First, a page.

Writer Naya Koulocheri says it’s vital that health and social inequalities are really understood by those most affected
“WONDERFUL weather, isn’t it?”
“Are you travelling for business or pleasure?”
My 65-year-old fellow passenger on a busy four-hour flight was extremely bored and desperately trying to talk to anyone around him. But then, he said something that I will never forget.
It isn’t some sort of philosophical quote, but, it seems pretty deep to me. He told me that “health is a business that is always going to be around”.
Economics, politics, feminism and gender norms, budget cuts and social policies, racism and xenophobia, cultural norms, architecture, environment and climate change – they are all relevant to health.
And he was right.
Many people think that health is something that doesn’t directly involve them; it concerns researchers, advocates, practitioners, health professionals, charities and NGOs, medical students and consultants. They think that there are things more important, more popular, more relevant and more worthy of media coverage and attention than talking about health.
But health isn’t something that should be seen out of context. Economics, politics, feminism and gender norms, budget cuts and social policies, racism and xenophobia, cultural norms, architecture, environment and climate change – they are all relevant to health.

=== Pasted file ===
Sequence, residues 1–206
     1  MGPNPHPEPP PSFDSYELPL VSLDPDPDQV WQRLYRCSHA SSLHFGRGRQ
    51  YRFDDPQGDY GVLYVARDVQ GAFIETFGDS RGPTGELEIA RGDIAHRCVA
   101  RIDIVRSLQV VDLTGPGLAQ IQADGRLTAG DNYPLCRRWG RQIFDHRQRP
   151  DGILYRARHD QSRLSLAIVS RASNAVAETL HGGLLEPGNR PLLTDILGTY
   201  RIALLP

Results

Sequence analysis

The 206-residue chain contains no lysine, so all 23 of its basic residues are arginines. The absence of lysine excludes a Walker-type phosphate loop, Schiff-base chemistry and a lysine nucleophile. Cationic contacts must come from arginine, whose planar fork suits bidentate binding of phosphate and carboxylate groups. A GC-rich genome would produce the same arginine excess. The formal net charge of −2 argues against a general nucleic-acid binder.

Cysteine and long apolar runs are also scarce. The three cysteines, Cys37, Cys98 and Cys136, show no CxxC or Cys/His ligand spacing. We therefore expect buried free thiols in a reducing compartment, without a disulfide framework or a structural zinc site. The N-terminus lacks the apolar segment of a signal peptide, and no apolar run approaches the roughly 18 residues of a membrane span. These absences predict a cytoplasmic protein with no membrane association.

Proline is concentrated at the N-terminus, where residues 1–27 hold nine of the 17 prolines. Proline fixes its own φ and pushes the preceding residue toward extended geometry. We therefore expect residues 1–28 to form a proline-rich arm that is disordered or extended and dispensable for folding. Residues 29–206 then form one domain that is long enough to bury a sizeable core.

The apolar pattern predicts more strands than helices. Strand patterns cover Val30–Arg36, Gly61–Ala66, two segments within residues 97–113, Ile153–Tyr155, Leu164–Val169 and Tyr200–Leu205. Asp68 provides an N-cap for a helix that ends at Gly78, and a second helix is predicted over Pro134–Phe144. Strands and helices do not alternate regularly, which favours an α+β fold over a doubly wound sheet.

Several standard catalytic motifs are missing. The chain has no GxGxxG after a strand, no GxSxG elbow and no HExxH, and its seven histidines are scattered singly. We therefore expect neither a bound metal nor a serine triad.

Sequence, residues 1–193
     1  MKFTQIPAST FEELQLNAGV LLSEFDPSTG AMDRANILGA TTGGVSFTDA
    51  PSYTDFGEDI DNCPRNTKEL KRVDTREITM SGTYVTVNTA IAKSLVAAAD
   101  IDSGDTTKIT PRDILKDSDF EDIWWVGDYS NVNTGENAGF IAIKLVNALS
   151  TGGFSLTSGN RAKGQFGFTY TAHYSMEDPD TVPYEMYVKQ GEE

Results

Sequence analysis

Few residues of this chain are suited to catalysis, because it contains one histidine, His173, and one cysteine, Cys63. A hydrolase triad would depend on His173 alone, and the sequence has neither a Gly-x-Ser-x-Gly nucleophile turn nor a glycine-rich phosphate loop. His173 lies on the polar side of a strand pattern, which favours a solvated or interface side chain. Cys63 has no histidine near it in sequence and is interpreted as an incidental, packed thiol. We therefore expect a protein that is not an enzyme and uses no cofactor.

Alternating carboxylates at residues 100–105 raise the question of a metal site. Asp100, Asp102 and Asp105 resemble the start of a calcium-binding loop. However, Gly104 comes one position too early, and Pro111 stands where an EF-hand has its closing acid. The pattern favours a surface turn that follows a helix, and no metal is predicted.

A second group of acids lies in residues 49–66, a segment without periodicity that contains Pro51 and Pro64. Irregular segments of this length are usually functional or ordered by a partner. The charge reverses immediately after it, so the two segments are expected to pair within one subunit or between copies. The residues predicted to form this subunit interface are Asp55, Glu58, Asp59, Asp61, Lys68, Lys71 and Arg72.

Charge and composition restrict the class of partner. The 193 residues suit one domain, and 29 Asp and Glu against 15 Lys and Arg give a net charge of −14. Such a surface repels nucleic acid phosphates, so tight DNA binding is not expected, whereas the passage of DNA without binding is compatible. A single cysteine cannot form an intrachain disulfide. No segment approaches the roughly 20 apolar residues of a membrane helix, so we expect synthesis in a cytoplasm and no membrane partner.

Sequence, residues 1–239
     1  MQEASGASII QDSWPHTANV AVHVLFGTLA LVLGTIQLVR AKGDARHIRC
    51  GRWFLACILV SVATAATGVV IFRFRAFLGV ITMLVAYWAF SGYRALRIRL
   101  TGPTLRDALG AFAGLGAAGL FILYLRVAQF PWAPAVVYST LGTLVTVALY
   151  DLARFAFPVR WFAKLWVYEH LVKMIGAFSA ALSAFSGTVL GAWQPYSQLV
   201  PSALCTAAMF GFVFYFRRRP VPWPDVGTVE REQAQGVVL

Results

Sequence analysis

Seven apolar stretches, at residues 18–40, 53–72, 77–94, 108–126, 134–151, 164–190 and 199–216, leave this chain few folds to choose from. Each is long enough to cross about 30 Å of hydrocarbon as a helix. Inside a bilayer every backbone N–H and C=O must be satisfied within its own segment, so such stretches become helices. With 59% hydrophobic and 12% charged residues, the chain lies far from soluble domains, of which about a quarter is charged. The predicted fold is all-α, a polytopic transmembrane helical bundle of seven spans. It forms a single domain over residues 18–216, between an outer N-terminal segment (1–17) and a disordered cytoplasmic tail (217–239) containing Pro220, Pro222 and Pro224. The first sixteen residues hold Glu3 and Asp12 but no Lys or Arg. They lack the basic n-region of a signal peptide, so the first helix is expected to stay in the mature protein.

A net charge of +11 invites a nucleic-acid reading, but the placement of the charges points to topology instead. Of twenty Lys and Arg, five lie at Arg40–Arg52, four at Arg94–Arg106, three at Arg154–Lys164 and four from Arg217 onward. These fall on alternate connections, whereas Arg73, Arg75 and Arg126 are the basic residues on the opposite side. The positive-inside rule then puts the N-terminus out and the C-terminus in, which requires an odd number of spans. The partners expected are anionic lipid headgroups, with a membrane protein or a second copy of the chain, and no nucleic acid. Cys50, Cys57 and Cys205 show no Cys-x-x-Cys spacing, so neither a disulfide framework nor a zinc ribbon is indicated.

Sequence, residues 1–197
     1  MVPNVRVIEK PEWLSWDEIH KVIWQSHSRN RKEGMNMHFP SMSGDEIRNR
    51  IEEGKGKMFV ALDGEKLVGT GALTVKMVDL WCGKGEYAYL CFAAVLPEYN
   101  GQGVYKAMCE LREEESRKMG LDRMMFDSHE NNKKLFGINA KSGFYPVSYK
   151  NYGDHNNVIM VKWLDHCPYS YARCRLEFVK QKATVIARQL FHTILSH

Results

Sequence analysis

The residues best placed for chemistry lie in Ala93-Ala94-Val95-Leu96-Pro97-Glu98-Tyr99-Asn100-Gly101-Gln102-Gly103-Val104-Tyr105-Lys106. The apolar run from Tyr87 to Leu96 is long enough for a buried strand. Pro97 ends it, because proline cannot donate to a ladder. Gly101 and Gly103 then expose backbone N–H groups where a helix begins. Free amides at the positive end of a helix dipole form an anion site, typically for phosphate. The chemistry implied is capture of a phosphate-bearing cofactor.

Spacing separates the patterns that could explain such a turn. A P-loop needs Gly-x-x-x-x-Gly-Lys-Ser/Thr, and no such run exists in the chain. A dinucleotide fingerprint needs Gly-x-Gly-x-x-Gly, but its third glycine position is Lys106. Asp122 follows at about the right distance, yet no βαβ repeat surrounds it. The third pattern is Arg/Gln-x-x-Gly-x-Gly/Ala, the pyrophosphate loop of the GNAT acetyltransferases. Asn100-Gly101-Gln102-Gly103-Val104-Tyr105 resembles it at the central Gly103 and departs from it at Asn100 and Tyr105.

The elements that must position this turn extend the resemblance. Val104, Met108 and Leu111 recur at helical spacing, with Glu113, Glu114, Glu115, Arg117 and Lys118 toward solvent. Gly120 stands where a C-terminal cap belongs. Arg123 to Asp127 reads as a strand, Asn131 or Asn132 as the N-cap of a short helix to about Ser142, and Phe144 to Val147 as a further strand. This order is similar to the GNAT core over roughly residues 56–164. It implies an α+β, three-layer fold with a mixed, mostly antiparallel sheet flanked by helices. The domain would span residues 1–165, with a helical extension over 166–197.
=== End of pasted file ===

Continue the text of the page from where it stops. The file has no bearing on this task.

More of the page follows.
Simply put, as long you aren’t dead, health is relevant to you and to the person next to you. If you’re one of the intelligent, beautiful people reading this article (wink, wink), academics and public health researchers, politics geeks and activists, you will say something like: “Duh! This is so yesterday’s news,” or, “why are you boring us with this?”
Before you move to the article on how you can raise you own silkworms, please hear me out. Certain bizarre individuals among us find it fascinating to talk about health, and about what determines good health. We can write about this for hours and have fun (sort of) while doing it. But, what about the other people around us?
In this parallel world, reality is pretty simple and straightforward: people are obese because they eat too much, they smoke because they want to, they develop addictions because they are too weak, they are poor or unemployed because they are lazy, and did I mention that politics is boring?
However, my fellow humans, the truth is much more complicated and it sucks. It really sucks.
For example, between 2010 and 2012, if you were an English man you were likely to live until 79.1, but if you were Scottish, well, tough luck. You could be dead by the age of 76.6. Women in Kelvinside and Jordanhill are likely to live until the age of 81.3 and men until 76.3.
However, our friends, family, colleagues, ourselves or anybody else that we know and care about that live in Ruchill and Possilpark, are likely to die almost 10 years younger than their neighbours only two miles away (to be precise, at 72.1 years old for women and 63.4 years old for men).
We have observed that there’s social patterning in: obesity, alcohol-related hospital admissions, smoking and spread of non-communicable diseases – to name a few.